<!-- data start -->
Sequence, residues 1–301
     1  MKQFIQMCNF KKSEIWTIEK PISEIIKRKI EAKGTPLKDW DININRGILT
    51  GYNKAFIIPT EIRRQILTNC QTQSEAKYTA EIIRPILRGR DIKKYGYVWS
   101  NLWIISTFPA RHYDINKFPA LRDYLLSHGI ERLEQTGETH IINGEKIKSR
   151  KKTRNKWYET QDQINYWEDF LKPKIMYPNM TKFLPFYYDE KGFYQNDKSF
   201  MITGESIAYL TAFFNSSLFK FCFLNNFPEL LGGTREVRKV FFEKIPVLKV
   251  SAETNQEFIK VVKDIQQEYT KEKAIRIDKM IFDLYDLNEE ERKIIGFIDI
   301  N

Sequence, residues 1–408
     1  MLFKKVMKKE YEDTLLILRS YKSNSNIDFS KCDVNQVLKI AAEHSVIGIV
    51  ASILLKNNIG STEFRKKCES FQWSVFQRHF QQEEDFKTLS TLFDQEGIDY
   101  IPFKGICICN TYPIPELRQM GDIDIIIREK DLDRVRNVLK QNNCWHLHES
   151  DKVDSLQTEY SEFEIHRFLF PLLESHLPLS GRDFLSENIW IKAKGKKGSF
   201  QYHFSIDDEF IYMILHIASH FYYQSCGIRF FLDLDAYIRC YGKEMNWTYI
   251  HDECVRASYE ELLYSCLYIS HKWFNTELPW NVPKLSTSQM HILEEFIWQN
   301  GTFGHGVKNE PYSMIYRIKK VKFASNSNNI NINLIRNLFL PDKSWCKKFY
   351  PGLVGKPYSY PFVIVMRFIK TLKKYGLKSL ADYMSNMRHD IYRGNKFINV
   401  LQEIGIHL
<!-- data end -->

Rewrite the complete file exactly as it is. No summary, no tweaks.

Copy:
Sequence, residues 1–301
     1  MKQFIQMCNF KKSEIWTIEK PISEIIKRKI EAKGTPLKDW DININRGILT
    51  GYNKAFIIPT EIRRQILTNC QTQSEAKYTA EIIRPILRGR DIKKYGYVWS
   101  NLWIISTFPA RHYDINKFPA LRDYLLSHGI ERLEQTGETH IINGEKIKSR
   151  KKTRNKWYET QDQINYWEDF LKPKIMYPNM TKFLPFYYDE KGFYQNDKSF
   201  MITGESIAYL TAFFNSSLFK FCFLNNFPEL LGGTREVRKV FFEKIPVLKV
   251  SAETNQEFIK VVKDIQQEYT KEKAIRIDKM IFDLYDLNEE ERKIIGFIDI
   301  N

Sequence, residues 1–408
     1  MLFKKVMKKE YEDTLLILRS YKSNSNIDFS KCDVNQVLKI AAEHSVIGIV
    51  ASILLKNNIG STEFRKKCES FQWSVFQRHF QQEEDFKTLS TLFDQEGIDY
   101  IPFKGICICN TYPIPELRQM GDIDIIIREK DLDRVRNVLK QNNCWHLHES
   151  DKVDSLQTEY SEFEIHRFLF PLLESHLPLS GRDFLSENIW IKAKGKKGSF
   201  QYHFSIDDEF IYMILHIASH FYYQSCGIRF FLDLDAYIRC YGKEMNWTYI
   251  HDECVRASYE ELLYSCLYIS HKWFNTELPW NVPKLSTSQM HILEEFIWQN
   301  GTFGHGVKNE PYSMIYRIKK VKFASNSNNI NINLIRNLFL PDKSWCKKFY
   351  PGLVGKPYSY PFVIVMRFIK TLKKYGLKSL ADYMSNMRHD IYRGNKFINV
   401  LQEIGIHL